Earnings Miss Will Send TearLab Sharply Lower

Nov. 8.13 | About: TearLab Corporation (TEAR)

Investment thesis

TearLab Corp. (NASDAQ:TEAR) has so far managed to drive moderate increases in revenue over the past year, but only by spending a disproportionate amount on marketing. The result has been ballooning losses in every quarter. The company has never earned a profit. Following dozens of recent calls to the offices of eye doctors, it has become apparent that the adoption of the TearLab product tends to be fleeting and driven primarily by the marketing spend. As a result, the temporary boost in revenues resulting from this marketing tends to be short lived and must be constantly replaced with new doctors who will give the product a trial. Investors should be concerned that TearLab now gives away its desktop reader for free in order to encourage doctors to make a trial of the product.

TearLab recently laid out a large seven figure pay package (roughly in line with a full quarter's revenue) to hire Seph Jensen from Alcon Labs. His start date was scheduled to begin just prior to the upcoming earnings release. This expensive hire should also signal the company's desire to telegraph a much needed turnaround to stem ballooning losses. The timing was likely urgent in order to have a visible solution in place prior to announcing disappointing earnings. TearLab is likely to report a much larger loss on revenues which are flat to down. The result is expected to be a share price decline of at least 25% to around $8.50 or below. The hiring of Mr. Jensen will be positioned as a means of addressing these problems going forward. On the earnings call, he will certainly announce the company's plans for reducing the ballooning losses.

Background information

Lately, I have done quite well on several trades by aggregating information from non-market sources ahead of earnings releases and placing my bets accordingly. There is nothing illegal about this. Information which can be obtained by customers, suppliers and competitors is all fair game as long as it is not supplied by company insiders. As described below, Tesla (NASDAQ:TSLA) follower Craig Froehle recently conducted similar analysis right ahead of the $25 plunge at that company.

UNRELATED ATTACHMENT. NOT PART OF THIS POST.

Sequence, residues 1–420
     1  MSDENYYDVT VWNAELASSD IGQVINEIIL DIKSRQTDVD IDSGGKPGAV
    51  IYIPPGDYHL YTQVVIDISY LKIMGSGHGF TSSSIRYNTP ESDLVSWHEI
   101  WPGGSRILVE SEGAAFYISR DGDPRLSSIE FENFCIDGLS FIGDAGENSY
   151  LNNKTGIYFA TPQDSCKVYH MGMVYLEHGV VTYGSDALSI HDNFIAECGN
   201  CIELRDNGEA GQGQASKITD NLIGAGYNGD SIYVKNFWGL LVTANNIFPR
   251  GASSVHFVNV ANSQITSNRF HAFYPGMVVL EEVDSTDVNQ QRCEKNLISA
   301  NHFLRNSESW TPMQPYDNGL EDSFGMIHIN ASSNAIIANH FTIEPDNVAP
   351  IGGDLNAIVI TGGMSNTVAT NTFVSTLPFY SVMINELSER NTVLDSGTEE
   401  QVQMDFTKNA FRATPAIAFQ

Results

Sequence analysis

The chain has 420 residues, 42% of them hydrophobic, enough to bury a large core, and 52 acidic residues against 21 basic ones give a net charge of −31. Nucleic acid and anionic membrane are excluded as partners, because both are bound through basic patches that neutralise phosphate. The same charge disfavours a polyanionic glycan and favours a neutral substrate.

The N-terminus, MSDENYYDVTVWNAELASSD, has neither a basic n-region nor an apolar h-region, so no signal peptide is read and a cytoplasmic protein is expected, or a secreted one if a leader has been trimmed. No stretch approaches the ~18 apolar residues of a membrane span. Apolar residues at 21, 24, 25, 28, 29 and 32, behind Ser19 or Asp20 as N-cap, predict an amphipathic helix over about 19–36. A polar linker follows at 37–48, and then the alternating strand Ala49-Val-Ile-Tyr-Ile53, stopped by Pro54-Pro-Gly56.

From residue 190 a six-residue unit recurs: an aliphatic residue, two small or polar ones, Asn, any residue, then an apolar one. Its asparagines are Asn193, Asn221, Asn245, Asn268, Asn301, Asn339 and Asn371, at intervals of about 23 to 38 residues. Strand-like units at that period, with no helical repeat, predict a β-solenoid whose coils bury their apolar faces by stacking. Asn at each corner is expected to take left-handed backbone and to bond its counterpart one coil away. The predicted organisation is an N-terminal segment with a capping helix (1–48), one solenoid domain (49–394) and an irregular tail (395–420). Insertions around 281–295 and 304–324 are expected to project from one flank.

In August, I wrote an article just before the release of earnings at Francesca's Holdings (NASDAQ:FRAN) which predicted that an earnings miss would lead to a 30% drop in the share price. A few days later, Francesca's disappointed as predicted and the share price quickly fell from $25.00 to less than $18.00. Analysts had continued to maintain price targets as high as $38.00, so they were wrong by about 90%.

More recently, I predicted a similar 30% drop upon the release of earnings by Ignite Restaurant Group (NASDAQ:IRG). Analysts had predicted that earnings might decline a bit, but continued to maintain price targets of around $17-18. Following the release of earnings this week, Ignite quickly traded down to below $11.99, also a nearly 30% decline from the time of my article a few days earlier.

To me, both of these trades were painfully obvious. Rather than rely upon the bullish views of sell side analysts, I turned off my computer and left my desk to conduct my own research in person. With Francesca's, I visited numerous stores in various cities over the span of several months. I then called dozens more and scoured the internet for evidence of discounting. In its prior earnings call, Francesca's had noted that its practice of deep discounting was coming to an end and margins would rebound accordingly. Analysts believed and repeated this view almost verbatim. But my months of research showed that the discounts were actually accelerating rather than declining. A steep earnings miss was all but guaranteed. When it was reported, the stock quickly plunged as it should.